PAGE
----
This work differs essentially from the majority of previous works in two aspects. First, in the study of the franchisee profile a specific set of defined a posteriori variables by experts in franchising is carried out. Secondly, the franchisee profile was obtained using a methodology that is rarely used in this field: conjoint analysis. The article proceeds with a brief review of the literature on selection of franchisees, after which we develop our hypothesis about the franchisee profiles. We then describe the data, methods and results, after which we offer our conclusions.
2. An overview of the literature
Franchising is a business format in which franchisors compete in at least two markets: (1) candidates to be franchisees, where they commercialize their concept of business, and (2) consumers, where they market their final products or services (Lopez, Ventura 2001). Franchising is a type of collaborative business with the existing of a profit sharing problem (Stein, Ginevicius 2010). Contrary to other types of retail channel arrangement, franchise networks represent a type of coordination that is much deeper than simple buyer-sellers relationships (Gauzente 2010). In this sense, cooperation is very important because it mainly affects the profitability of an enterprise (Ginevicius 2010).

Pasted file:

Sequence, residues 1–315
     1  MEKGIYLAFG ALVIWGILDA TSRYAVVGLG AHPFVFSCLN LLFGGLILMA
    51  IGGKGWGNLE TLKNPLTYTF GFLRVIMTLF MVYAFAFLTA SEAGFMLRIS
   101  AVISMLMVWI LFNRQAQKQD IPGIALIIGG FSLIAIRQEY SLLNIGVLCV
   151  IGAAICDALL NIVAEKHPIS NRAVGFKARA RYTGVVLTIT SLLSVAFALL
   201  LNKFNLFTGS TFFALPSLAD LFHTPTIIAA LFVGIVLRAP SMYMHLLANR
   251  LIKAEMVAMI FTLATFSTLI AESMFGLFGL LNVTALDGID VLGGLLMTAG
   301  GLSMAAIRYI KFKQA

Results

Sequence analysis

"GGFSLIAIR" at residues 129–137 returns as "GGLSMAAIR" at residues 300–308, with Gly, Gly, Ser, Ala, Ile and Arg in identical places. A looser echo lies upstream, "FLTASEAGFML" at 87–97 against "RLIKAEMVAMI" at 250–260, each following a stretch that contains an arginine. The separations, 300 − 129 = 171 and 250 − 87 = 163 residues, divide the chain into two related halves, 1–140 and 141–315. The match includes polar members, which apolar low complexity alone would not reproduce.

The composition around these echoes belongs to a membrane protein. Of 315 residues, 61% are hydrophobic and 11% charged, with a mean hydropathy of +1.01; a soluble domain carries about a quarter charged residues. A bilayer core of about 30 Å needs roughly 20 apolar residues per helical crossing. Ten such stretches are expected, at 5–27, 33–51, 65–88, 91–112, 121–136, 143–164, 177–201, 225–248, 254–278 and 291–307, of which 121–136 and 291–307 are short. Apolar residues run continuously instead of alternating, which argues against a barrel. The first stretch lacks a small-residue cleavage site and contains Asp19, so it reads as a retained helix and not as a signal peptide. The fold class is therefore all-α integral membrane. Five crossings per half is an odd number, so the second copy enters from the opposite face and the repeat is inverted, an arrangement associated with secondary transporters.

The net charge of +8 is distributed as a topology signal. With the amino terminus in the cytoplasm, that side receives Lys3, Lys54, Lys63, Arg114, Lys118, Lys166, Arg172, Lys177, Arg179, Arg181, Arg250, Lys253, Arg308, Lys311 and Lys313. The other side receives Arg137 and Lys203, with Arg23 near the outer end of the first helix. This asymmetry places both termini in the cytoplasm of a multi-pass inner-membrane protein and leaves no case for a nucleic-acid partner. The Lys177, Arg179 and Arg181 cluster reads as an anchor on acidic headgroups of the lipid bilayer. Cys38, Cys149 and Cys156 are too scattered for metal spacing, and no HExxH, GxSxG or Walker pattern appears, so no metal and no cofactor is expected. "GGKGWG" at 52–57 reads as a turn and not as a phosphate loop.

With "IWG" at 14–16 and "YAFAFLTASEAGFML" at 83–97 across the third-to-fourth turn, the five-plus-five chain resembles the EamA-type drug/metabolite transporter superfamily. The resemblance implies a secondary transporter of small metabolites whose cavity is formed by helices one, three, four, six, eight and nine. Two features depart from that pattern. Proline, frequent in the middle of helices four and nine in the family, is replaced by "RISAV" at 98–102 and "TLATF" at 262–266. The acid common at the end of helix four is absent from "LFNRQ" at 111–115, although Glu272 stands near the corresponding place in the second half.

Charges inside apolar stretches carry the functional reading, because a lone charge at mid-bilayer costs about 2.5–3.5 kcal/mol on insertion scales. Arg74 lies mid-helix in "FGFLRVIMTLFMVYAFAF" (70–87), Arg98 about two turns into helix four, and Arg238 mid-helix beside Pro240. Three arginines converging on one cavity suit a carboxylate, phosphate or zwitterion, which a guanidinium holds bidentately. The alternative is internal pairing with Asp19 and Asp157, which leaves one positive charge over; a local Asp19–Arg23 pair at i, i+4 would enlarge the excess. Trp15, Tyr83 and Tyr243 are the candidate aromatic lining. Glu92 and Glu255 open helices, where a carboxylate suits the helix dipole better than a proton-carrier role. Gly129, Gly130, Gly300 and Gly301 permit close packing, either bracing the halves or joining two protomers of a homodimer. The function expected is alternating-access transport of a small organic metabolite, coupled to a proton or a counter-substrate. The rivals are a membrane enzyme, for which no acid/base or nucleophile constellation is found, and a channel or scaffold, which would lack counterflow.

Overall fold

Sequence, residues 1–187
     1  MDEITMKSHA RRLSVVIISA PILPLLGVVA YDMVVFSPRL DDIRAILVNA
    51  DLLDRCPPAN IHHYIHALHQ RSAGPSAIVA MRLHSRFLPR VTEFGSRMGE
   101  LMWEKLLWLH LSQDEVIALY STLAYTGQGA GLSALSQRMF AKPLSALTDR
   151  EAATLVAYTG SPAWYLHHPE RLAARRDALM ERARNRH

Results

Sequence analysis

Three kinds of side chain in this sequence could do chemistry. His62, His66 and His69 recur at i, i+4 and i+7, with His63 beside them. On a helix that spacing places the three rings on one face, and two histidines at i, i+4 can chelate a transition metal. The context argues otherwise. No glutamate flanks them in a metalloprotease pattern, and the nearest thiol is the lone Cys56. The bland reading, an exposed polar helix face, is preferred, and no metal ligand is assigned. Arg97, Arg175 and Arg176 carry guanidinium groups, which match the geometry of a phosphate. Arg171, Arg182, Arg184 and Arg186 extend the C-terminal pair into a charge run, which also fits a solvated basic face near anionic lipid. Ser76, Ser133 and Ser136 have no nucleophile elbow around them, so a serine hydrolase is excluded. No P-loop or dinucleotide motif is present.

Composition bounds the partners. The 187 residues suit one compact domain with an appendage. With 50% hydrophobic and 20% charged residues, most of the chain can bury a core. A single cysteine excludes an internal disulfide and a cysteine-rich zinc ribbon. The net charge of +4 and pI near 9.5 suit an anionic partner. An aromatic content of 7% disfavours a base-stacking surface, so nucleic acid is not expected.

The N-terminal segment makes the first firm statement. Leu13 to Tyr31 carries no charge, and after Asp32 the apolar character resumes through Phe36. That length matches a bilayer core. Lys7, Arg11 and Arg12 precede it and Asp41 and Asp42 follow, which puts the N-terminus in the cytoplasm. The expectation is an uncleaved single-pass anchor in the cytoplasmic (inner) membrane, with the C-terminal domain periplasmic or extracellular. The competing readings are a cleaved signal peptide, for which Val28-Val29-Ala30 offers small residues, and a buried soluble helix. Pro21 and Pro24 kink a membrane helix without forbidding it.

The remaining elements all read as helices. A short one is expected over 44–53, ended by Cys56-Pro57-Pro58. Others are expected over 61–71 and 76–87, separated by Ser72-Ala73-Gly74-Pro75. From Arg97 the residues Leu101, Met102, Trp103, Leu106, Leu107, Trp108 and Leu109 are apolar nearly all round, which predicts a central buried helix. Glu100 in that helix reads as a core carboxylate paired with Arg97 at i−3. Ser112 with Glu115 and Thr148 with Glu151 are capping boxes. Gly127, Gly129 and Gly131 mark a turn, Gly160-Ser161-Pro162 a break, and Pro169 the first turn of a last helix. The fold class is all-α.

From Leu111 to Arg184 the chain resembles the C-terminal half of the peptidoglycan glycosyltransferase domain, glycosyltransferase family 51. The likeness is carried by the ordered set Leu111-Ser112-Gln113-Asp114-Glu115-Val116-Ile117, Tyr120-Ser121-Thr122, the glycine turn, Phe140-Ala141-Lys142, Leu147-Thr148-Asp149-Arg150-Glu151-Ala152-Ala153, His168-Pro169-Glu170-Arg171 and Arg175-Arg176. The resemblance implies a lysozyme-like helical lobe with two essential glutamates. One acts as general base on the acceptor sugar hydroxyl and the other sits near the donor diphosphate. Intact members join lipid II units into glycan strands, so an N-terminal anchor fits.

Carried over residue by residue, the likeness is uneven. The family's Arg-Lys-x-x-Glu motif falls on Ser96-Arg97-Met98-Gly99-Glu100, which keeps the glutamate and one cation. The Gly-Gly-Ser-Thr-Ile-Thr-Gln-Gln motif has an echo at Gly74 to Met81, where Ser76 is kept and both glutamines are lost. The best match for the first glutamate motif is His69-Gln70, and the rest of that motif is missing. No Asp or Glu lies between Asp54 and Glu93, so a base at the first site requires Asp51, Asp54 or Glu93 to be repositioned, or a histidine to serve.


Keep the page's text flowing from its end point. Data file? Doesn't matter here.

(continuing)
Selection of franchisees is perceived as one of the most important operational problems for franchisors. An appropriate selection of franchisees may bring about remarkable results. On the contrary, a poor selection of them may cause problems in the net (Justis, Judd 1989). The future success of franchisors depends, to a great extent, on a systematic process of selecting good potential franchisees (Olm et al. 1988). Therefore franchising system can be more appropriate for some franchisees than for others (Jambulingam, Nevin 1999).
A degree of conflict prevails in any franchise system as the partners have different behaviours, approaches, and goals. Also, the different governance levels of franchised intangibles profit sharing problems between the partners (Hendrikse, Jiang 2005; Ginevicius, Krivka 2008; Stein, Ginevicius 2010). Franchisees have certain expectations of participation in the process of which they are an integral part (Stanworth et al. 2004). In this sense, the formation of unrealistic expectations increases the potential for future relational conflict (Weaven et al. 2010). Given the underlying potential for conflict in the franchise relationship, an essential challenge for the franchisor is to coordinate the franchise system without escalating conflict (Tikoo 2005).